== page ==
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I ran dtruss on a process that launches another one: the League of Legends Launcher starts the main game process with certain arguments that I can't seem to pass via the command line.

What caught my attention was this line of dtruss output:

PID/THRD  RELATIVE  ELAPSD    CPU SYSCALL(args)          = return
9386/0x47dac:     19625    3013   1805 posix_spawn(0x2A634FC, 0x38A2A00, 0xB06A56E0)         = 0 0

I looked up the man page for posix_spawn, and it is supposed to accept 6 arguments. They are, in order, PID, /path/to/file, file_actions, aatrp, argv and envp.

I was stepping through GDB at the same time as running dtruss, so I was able to inspect the memory in question.

  • The first argument pointed to 0x000024d2, which was in the PID.
  • The second argument pointed to a char array: the executable path for LeagueofLegends
  • The third argument always points to the same thing, of which the unintelligible string representation is \026l<?

I don't know what to make of this. Ultimately I want to be able to launch this process myself via C, with my custom arguments, but I think the first step to do that is to understand how it's called by the system, and what that third argument is.

My questions are: what more can I do to find out what that third argument is (?) and is what I'm trying to do (circumventing the launcher) even possible?

It is possible directly on the Windows command-line via,

 @start "" "League of Legends.exe" "8394" "LoLLauncher.exe" "" "spectator fspectate.op.gg:4081 tjJbtRLQ/HMV7HuAxWV0XsXoRB4OmFBr 1391881421 NA1"

but on Mac this just relaunches the launcher.

For context, I've already written up a lengthy (and unanswered) question describing everything I've done.

Please let me know how I can improve this question. I've spent over 50 hours trying to figure this out on my own, brute forcing through dtruss output, and I'm just about ready to give up.

0

If you read the source code for dtruss:

cat `which dtruss`

You'll discover that the number of arguments is hard-coded.

Entry:

 syscall:::entry
 /(OPT_command && pid == $target) ||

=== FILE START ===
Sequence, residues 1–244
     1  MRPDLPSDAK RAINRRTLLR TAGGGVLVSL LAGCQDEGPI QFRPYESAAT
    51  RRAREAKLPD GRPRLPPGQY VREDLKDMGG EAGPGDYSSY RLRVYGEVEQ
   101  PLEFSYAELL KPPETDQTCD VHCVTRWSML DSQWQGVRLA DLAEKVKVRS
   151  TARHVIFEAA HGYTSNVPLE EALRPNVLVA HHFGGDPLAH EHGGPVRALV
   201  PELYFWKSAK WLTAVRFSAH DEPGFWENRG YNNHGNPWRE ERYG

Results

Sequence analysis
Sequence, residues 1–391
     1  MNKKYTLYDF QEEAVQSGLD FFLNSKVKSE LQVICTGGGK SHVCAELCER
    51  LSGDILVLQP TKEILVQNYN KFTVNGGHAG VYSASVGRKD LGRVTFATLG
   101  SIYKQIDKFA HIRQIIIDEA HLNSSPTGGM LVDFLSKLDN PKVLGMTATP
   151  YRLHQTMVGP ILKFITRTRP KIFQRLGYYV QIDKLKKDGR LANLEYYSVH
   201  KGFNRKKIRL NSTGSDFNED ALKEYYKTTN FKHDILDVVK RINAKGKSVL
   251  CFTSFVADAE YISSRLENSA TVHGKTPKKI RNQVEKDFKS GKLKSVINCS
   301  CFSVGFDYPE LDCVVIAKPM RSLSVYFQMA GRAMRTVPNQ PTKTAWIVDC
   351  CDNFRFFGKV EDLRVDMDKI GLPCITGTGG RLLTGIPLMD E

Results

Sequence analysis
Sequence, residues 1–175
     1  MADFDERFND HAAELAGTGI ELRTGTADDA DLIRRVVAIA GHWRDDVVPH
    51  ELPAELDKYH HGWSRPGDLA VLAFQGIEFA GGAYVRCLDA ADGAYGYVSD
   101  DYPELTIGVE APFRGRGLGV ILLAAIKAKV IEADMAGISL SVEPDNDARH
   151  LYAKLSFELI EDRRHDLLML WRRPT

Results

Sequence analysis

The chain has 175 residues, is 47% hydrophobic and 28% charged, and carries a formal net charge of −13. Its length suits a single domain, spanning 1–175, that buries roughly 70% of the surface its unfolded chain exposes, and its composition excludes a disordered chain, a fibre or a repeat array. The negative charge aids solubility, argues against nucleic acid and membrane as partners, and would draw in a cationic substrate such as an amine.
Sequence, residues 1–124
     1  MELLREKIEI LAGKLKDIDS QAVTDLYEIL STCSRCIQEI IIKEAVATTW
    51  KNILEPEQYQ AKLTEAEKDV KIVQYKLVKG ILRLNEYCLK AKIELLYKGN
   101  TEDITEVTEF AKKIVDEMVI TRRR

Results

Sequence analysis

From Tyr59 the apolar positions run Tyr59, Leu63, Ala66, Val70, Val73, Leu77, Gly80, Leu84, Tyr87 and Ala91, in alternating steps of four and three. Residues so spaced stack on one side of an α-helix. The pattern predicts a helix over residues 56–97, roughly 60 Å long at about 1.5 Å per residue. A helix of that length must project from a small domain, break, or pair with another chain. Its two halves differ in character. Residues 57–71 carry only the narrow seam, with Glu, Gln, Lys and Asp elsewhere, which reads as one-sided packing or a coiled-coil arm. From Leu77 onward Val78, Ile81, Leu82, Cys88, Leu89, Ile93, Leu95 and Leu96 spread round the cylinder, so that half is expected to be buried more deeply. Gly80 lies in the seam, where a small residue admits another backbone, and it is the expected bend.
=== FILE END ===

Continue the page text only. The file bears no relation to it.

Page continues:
(OPT_pid && pid == PID) ||
  (OPT_name && NAME == strstr(NAME, execname)) ||
  (OPT_name && execname == strstr(execname, NAME)) ||
  (self->child)/
 {
    /* set start details */
    self->start = timestamp;
    self->vstart = vtimestamp;
    self->arg0 = arg0;
    self->arg1 = arg1;
    self->arg2 = arg2;

    /* count occurances */
    OPT_counts == 1 ? @Counts[probefunc] = count() : 1;
 }

Return:

 /* print 3 arg output - default */
 syscall:::return
 /self->start/
 {
    /* calculate elapsed time */
    this->elapsed = timestamp - self->start;
    self->start = 0;
    this->cpu = vtimestamp - self->vstart;
    self->vstart = 0;
    self->code = errno == 0 ? "" : "Err#";

    /* print optional fields */
    /* OPT_printid  ? printf("%5d/%d:  ",pid,tid) : 1; */
    OPT_printid  ? printf("%5d/0x%x:  ",pid,tid) : 1;
    OPT_relative ? printf("%8d ",vtimestamp/1000) : 1;
    OPT_elapsed  ? printf("%7d ",this->elapsed/1000) : 1;
    OPT_cpu      ? printf("%6d ",this->cpu/1000) : 1;

    /* print main data */
    printf("%s(0x%X, 0x%X, 0x%X)\t\t = %d %s%d\n",probefunc,self->arg0,
        self->arg1,self->arg2,(int)arg0,self->code,(int)errno);
    OPT_stack ? ustack()    : 1;
    OPT_stack ? trace("\n") : 1;
    self->arg0 = 0;
    self->arg1 = 0;
    self->arg2 = 0;
 }

Certain syscalls have bespoke handling (/* mmap has 6 arguments */).

I made a copy of the script and copy-pasted in a few more self->arg* and , 0x%X.

I was able to change the default to 6 args, achieving output like this:

posix_spawn(0x700003AA66B4, 0x7FF7B215BF10, 0x700003AA6570, 0x700003AA6610, 0x700003AA6720, 0x0)         = 0 0

As for why we have to copy-paste args instead of just incrementing a counter: DTrace does not support loops. I think because it's unacceptable for tracing to introduce the possibility of an infinite loop inside the kernel.

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